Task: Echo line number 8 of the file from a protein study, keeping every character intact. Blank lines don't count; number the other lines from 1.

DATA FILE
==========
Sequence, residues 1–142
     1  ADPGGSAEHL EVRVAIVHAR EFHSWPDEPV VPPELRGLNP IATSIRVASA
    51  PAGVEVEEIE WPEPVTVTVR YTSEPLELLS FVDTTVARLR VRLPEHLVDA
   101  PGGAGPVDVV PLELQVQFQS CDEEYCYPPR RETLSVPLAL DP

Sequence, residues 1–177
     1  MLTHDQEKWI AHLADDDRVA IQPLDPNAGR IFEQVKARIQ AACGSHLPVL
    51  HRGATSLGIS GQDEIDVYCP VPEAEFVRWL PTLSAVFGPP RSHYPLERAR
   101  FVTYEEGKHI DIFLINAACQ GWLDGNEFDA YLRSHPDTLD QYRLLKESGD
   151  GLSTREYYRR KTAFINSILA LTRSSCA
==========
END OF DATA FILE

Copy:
   101  FVTYEEGKHI DIFLINAACQ GWLDGNEFDA YLRSHPDTLD QYRLLKESGD